Together with Gianni D’Amato and Denise Efionayi-Mäder, I have written up some reflections on the new MIPEX results for Switzerland (in German):
We highlight the comparatively poor protection against discrimination in Switzerland, despite growing attention to Black Lives Matter and racism. We encourage policy comparison not to copy and past policies, but to encourage local solutions to do more.
Incidentally, the new results from MIPEX present nothing new — Swiss immigrant integration policies have been stable in the last few years (though historically they have changed much).
Should we come across as criticizing Swiss policy, let’s not forget the innovative and positive policies on health care in Switzerland (ranked “favourable” by MIPEX).
I’m very excited to announce a new publication outlining Swiss immigration and integration policies since 1848 (yes, that’s 167 years’ worth of data). We use the latest version of the MIPEX questionnaire to trace how immigration and integration policies have developed since the inception of modern Switzerland in 1848. Policies are covered in 7 areas and a total of 148 indicators, with the situation at the national level recorded for every year.
This gives us a more accurate picture of how policies have changed over time than previous efforts, including a limited extension of the MIPEX data to 1995 undertaken as part of the SOM project.
I’m also very happy to announce that the full data are already available, including a detailed description outlining the reasoning and decisions behind the scores.
In the paper we provide a first description of the data: an assessment of Swiss immigration and integration policies at the national level in a systematic and truly historical manner. Three periods of policies are identified; we refer to these as expansive, restricting, and expanding. Indeed, if immigration and integration policies are captured in a broad and multidimensional way, we can see that the highly politicized direct democratic decisions in the past few years have not (yet) had a major impact on Swiss policy. In recent years the expansion of rights seems to have slowed, perhaps stalled, but there is no evidence of overall more restrictive policies.
Ruedin, D., Alberti, C. and D’Amato, G. (2015), Immigration and Integration Policy in Switzerland, 1848 to 2014. Swiss Political Science Review. doi: 10.1111/spsr.12144
In the social sciences and in day-to-day politics we often operate with the concept of immigrant background. It’s a loose concept, and often used without adequate consideration. In the social sciences, we often define anyone who has at least one foreign parent as having an immigrant background. This is systematic, but not the solution.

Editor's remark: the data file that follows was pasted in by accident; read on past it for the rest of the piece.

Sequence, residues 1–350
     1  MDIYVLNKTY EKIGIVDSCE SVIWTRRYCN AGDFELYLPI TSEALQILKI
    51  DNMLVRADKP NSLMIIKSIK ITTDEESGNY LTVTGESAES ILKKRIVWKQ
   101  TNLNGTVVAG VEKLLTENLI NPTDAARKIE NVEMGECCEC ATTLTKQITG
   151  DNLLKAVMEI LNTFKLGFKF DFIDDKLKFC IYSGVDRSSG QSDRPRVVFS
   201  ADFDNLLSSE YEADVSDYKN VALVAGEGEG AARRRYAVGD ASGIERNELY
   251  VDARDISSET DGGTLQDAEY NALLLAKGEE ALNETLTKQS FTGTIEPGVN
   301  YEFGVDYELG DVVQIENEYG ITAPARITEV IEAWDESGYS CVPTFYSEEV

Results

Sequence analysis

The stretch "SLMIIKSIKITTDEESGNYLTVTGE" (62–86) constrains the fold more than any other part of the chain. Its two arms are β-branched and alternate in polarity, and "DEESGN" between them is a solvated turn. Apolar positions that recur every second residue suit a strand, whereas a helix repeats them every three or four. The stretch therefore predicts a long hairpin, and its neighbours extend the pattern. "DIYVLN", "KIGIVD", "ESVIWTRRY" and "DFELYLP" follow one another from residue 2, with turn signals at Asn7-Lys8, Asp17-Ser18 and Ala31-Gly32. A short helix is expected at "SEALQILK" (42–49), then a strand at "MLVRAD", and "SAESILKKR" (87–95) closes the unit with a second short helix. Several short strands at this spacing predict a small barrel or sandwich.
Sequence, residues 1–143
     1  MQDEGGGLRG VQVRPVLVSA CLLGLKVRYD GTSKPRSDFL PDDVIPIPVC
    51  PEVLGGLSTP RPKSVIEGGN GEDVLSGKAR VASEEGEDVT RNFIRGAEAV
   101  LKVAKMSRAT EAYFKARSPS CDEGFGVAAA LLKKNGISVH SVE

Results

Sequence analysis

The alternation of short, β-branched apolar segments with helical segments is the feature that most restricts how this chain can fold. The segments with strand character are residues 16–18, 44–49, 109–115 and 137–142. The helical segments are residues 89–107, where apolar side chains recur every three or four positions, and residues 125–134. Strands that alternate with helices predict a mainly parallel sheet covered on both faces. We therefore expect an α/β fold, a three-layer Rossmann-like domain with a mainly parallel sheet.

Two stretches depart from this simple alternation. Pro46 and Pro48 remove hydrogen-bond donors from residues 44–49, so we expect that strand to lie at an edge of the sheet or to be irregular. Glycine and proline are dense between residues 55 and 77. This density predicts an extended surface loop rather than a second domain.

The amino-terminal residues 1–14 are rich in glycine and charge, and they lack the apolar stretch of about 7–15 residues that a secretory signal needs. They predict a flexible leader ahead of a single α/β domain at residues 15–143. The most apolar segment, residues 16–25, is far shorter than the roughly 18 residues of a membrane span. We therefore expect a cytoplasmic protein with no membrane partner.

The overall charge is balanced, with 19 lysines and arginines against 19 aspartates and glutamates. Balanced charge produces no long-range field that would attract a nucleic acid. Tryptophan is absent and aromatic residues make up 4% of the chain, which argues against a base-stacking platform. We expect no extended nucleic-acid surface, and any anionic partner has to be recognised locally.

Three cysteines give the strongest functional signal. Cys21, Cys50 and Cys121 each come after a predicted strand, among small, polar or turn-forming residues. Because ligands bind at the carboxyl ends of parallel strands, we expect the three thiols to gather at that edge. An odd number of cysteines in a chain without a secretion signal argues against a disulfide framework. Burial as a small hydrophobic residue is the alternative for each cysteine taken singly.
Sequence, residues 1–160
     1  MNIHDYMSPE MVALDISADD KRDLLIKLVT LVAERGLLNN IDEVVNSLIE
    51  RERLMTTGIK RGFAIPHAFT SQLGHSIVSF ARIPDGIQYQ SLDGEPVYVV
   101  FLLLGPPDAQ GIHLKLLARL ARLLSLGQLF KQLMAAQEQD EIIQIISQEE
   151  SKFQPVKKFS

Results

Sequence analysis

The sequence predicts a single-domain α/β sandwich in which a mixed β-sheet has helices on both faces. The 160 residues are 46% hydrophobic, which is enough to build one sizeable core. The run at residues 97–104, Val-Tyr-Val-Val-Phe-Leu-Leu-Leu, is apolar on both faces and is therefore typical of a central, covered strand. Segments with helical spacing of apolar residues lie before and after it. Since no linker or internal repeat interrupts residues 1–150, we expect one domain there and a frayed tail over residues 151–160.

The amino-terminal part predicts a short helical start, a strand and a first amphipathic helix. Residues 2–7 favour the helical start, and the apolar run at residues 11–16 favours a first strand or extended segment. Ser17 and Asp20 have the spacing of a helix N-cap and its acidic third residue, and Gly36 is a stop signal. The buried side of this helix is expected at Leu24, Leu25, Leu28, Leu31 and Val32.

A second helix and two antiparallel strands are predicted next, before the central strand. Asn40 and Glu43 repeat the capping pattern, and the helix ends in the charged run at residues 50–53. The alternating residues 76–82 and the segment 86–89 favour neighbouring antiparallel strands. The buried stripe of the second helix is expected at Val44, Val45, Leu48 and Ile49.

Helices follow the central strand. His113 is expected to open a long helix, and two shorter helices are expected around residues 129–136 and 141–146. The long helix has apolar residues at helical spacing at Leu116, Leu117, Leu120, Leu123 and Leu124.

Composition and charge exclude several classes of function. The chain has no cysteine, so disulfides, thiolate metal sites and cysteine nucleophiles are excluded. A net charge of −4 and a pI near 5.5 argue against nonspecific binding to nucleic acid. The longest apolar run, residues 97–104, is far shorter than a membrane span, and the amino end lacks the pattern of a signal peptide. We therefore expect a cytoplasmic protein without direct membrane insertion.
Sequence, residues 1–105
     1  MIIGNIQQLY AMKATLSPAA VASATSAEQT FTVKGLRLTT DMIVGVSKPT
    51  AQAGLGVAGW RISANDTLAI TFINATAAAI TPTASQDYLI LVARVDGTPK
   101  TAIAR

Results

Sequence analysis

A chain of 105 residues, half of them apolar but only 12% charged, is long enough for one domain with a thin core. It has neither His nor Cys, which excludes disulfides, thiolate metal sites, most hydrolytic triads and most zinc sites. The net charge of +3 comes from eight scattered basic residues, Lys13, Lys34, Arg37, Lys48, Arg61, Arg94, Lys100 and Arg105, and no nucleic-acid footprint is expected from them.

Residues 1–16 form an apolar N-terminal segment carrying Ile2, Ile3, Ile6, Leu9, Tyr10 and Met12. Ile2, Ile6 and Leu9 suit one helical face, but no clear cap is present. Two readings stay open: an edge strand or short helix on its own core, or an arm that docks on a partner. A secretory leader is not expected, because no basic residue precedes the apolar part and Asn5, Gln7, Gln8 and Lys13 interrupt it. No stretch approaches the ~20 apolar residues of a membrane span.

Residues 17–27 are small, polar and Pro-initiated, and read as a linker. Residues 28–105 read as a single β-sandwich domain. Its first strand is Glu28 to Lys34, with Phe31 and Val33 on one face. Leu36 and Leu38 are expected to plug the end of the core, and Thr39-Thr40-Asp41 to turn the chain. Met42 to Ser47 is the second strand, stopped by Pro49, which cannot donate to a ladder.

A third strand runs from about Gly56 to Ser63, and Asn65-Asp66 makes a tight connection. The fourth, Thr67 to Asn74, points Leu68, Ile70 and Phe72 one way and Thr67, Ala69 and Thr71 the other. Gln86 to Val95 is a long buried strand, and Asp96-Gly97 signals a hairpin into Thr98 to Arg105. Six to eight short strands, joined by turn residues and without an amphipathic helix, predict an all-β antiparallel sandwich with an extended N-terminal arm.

Following this approach all “mixed” children of one native parent and one foreign parent are considered “foreign”. In some way, that’s akin the one drop of blood used to define what counts as black in the US; a reflection of concerns over purity and boundary-making rather than attempts to create an empirically useful category.
We should simply get away from the idea that a single definition fits all our concerns. Mixed children are native speakers and are fully part of the local culture. The fact that one of their parents is “foreign” is not a deficit, but something they have in addition. This is a different case from having two foreign parents where something (language, attitudes, culture) might be missing. In a different situation, however, having a single foreign parent might be equivalent to having two. For instance, if we’re looking at discrimination, one foreign parent might be a relevant negative marker making the individual more susceptible to discrimination.
Working on immigration means I often come into contact with the concept of integration. Here are three things about integration that I cannot find myself to agree.
First, there are the many indicators of integration which are drawn up on an ad-hoc basis. We end up defining the concept by the indicators, never a good approach.
Second, it is repeated like a mantra that integration is a process. I simply disagree. The fact that the degree of integration can change over time does not mean that integration is a process. Temperature is not a process either, is it? Sadly, insisting on integration being a process is usually used as an excuse not to think carefully about the concept, or as an excuse to ignore the indicators just drawn up.
Third, another mantra-like position is that integration requires both sides (immigrants, mainstream society) to change. This mixes up a normative position (what we might want or prefer) with the definition we should seek. Just think about it: if one immigrant arrives in a country and completely assimilates, did integration not take place because the mainstream society didn’t budge (maybe didn’t even notice)?
Yes, it is easy to criticize. I have at least begun my homework, and offer a constructive argument as a COMPAS working paper: “Integration is conceptualized as proximity, and a distinction is drawn between the integration of groups and individuals. It is argued that integration should be understood as assimilation in relevant dimensions, whereas in other dimension significant differences are accepted.” It still lacks an outline of different visions of society, and concrete indicators.